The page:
BAC has updated its Mono supercar for 2020. And while it looks similar, BAC has gone through its road-legal single-seater with a fine-tooth comb. The result promises to be even more focused and exciting.
The Mono was always a very single-minded machine, and the refreshed car sticks to that philosophy, improving on it where possible. Progress here means a little more power, no added weight, less frontal area and reduced visual mass.
If the first Mono already looked lean, this one appears primed for track-day action. The figures suggest as much. It will reach 170mph, hitting 60mph in 2.7 seconds along the way.
2020 BAC Mono: honing the concept
Weight drops by 10kg to just 570kg. This, in spite of more going on under the skin to make it meet European regulations. How does the Mono stop red tape from weighing it down? Innovation.
New wheels save 1.22kg of unsprung mass each, and are 35 percent lighter than those on the outgoing Mono. AP Racing brake calipers are carried over from the special edition Mono R, while carbon-ceramic discs save 2.55kg of weight per corner.
The new car also uses graphene-enhanced carbon fibre, a breakthrough made via BAC’s research and development projects. It represents a structural, mechanical, thermal and mass improvement versus ‘normal’ carbon for every piece of the car.
Additive manufacturing is also used extensively used on the Mono, with more than 40 components being 3D-printed.
The weight has been shifted around in the car, too. A new dry-sump oil system gets the engine’s mass lower down, as does a lowered fuel tank. Even the battery has been placed under the driver, to achieve what BAC describes as ‘near-perfect’ weight distribution.
The car features two-way adjustable Ohlins dampers to handle what little weight the Mono does still have in corners. Grip comes courtesy of special Pirelli Trofeo R tyres, a standard fitment to all Monos. For reference, these were an optional extra on the McLaren P1.
Mono gets boost
So with what little excess weight the original Mono had removed, and the rest repositioned, the next upgrade was more power. While 340hp sounds like a hot hatch number, it’s plenty in a car a third of the weight of a Ford Focus RS. It’s also more than 30hp healthier than the outgoing model, with an EU6D emissions-compliant 2.3-litre turbocharged engine.
Yes, for the first time, the Mono comes with a turbocharger. The new engine was developed by Mountune, including its dry-sump system.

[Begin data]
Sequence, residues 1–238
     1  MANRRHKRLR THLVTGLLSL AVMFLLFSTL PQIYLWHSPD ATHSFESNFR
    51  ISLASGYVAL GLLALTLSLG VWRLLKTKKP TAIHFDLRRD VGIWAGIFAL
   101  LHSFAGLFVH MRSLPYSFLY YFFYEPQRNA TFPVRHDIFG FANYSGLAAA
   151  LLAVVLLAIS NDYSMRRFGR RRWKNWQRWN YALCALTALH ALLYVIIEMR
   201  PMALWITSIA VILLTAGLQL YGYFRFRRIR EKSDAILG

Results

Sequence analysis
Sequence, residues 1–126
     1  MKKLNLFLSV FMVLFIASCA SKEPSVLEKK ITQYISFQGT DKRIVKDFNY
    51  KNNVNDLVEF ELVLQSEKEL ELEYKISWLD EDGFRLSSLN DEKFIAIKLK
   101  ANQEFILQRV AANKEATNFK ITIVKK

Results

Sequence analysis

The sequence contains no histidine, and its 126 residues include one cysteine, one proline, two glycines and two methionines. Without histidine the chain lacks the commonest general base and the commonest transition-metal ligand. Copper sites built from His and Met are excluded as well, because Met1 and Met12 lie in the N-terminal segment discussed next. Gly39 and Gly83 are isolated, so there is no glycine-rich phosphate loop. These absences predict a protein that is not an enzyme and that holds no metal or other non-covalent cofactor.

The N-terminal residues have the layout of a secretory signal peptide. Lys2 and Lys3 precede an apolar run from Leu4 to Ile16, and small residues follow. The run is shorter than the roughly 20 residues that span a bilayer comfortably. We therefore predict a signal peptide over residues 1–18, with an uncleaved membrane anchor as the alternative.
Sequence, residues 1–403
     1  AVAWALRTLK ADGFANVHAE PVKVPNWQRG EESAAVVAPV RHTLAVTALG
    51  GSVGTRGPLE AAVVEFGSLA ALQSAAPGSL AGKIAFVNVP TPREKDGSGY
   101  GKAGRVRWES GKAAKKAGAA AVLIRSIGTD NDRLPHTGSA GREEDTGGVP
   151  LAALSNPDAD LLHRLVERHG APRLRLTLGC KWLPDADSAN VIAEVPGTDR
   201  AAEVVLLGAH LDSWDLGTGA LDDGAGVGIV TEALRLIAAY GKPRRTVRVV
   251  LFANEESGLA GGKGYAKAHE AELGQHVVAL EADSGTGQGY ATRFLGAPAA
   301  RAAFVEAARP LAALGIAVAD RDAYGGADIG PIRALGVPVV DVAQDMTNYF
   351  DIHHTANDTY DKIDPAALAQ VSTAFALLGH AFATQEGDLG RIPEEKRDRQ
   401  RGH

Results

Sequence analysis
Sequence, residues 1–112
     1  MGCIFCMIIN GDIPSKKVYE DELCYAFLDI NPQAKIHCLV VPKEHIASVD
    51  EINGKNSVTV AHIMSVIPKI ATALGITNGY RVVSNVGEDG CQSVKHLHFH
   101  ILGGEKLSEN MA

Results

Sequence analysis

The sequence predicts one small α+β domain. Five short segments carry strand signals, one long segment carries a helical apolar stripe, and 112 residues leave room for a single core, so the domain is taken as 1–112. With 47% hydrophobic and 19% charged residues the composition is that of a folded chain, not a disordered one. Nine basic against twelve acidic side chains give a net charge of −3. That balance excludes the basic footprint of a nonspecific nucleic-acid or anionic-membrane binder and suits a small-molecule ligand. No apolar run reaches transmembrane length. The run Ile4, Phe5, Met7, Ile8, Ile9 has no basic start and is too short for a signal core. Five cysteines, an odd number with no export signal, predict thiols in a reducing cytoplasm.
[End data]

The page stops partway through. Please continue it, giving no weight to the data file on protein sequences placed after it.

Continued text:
Design: the Mono evolves
The Mono, much like the Ariel Atom, is very specific in its design brief. The way it looks is largely dictated by function, and what body panels it doesn’t need, rather than what can be restyled. Still, the new car enjoys a mild update.
In terms of dimensions, there is a change. It’s now 25mm longer and 20mm lower. Body surfaces have been completely redesigned, achieving ‘a more organic, lighter aesthetic’.
The ‘shark nose’ reduces frontal area and improves aerodynamics, plus it has new LED lighting. As does the rear, which is now narrower, while the larger spoiler extends over the wheelarches. These are more aerodynamically efficient and the side pods are wider, joining the spoiler from their introduction on the Mono R.
The idea of passing as much air through a car, rather than over it, is a popular aerodynamic ethos at the moment. The Ford GT, Honda NSX, various McLarens and Aston Martin Valkyrie all follow in the footsteps of the Mono in this respect.
The final number is the least appealing. That’s the price. If you’re sure you don’t want that Porsche 911 Turbo or McLaren 570S, the new Mono starts from £165,950. If you’re not UK-based, BAC also points out that the new Mono is fully road-legal across continental Europe and around the world.
2020 BAC Mono – the key figures
Top Speed: 170mph
0-60mph: 2.7 seconds
Power-to-Weight ratio: 582bhp per tonne
Price: From £165,950
“When it came to designing the new-generation BAC Mono, we didn’t just want to set a precedent for the evolution of Mono – we wanted to set a totally new bar for supercar design,” said Ian Briggs, design director at BAC.
“The flowing, functional shape that’s full of undeniable Mono DNA is lighter-looking, more simplistic and cleaner than ever before, with a reduced frontal area and thinner surfaces throughout. Making the second Mono was always going to be a challenge – much like the ever-anticipated second album of an artist – but we’re confident the stunning look, innovation and driving experience of the new BAC Mono will more than meet the demands and expectations.”